Background and Objective: The activity of the polyphenol oxidase enzyme during fermentation and drying causes a decrease in the polyphenol and flavonoid content of cacao beans. Blanching is important to inactivate the enzyme. This study aimed to evaluate the physicochemical properties and antioxidant activity of cacao bean extract in order to obtain a polyphenol-rich cacao extract. Materials and Methods: Unfermented and fermented cacao beans were blanched using water at 95°C ±2°C for 1, 3, 5 and 7 min. The process was then followed with drying and defatting using n-hexane and completed with extraction of polyphenol compounds using 80% ethanol. The blanched cacao beans were analyzed in terms of polyphenol oxidase enzyme activity and color, while the extracts of dried cacao beans were analyzed in terms of the relative activity of polyphenol oxidase, color, total polyphenol content, total flavonoid content, radical scavenging activity using DPPH, ferrous ion (Fe2+) chelating activity and the presence of functional groups using fourier transform infrared (FTIR). Results: Blanching unfermented cacao beans at 95°C for 5 min reduced the relative activity of polyphenol oxidase by >99%, maintained the purple color of the unfermented cacao beans and produced the highest content of polyphenols and flavonoids. Five minute blanching also increased antioxidant activity compared to the activity of unblanched cacao beans. The process of fermentation and hot air drying had a significant effect (p<0.05) on the decrease of polyphenols and the associated DPPH antioxidant activity in cacao beans. However, there was no effect (p>0.05) on Fe2+ chelating activity in unblanched cacao beans. Total polyphenol and flavonoid contents were strongly correlated with DPPH antioxidant activity but were not correlated with Fe2+ chelating activity. Conclusion: Blanching unfermented cacao beans with hot water for 5 min at 95°C was shown to increase the free radical scavenging activity by deactivating the polyphenol oxidase enzyme and thereby increasing the total polyphenol content.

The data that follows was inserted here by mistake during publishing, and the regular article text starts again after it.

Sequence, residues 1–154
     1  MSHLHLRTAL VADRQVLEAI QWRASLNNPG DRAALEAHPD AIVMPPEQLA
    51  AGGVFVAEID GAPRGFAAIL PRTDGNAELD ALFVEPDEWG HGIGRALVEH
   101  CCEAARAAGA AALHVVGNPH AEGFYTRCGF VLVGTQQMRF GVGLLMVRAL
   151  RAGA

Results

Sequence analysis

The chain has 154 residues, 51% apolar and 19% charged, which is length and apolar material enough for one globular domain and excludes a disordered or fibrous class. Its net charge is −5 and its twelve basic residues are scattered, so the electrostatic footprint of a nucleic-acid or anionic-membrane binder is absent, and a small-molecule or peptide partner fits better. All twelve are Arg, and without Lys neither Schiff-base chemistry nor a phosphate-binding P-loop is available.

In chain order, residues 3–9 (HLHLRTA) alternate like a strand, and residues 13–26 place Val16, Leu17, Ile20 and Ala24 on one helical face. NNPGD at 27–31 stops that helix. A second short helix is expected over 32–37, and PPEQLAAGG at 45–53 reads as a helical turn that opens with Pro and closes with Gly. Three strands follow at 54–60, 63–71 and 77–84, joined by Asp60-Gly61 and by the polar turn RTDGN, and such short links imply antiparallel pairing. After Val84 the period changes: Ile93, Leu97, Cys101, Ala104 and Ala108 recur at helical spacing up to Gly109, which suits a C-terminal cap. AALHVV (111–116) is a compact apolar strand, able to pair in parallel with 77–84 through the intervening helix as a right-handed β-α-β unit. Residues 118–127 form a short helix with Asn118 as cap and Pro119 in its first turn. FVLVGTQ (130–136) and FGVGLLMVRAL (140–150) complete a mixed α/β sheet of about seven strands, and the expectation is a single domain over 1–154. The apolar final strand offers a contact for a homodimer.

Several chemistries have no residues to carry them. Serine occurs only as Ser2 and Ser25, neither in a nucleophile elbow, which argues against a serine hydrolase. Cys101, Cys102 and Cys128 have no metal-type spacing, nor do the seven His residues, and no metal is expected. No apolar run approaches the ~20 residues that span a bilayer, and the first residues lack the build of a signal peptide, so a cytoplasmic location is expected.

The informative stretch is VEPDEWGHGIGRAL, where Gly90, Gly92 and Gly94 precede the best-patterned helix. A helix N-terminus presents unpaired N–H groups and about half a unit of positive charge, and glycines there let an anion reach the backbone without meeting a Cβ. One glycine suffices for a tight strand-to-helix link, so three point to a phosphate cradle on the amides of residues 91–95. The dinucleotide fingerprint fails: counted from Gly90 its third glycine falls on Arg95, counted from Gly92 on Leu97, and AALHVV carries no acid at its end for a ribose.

Tanwirul Millati , Yudi Pranoto , Tyas Utami and Nursigit Bintoro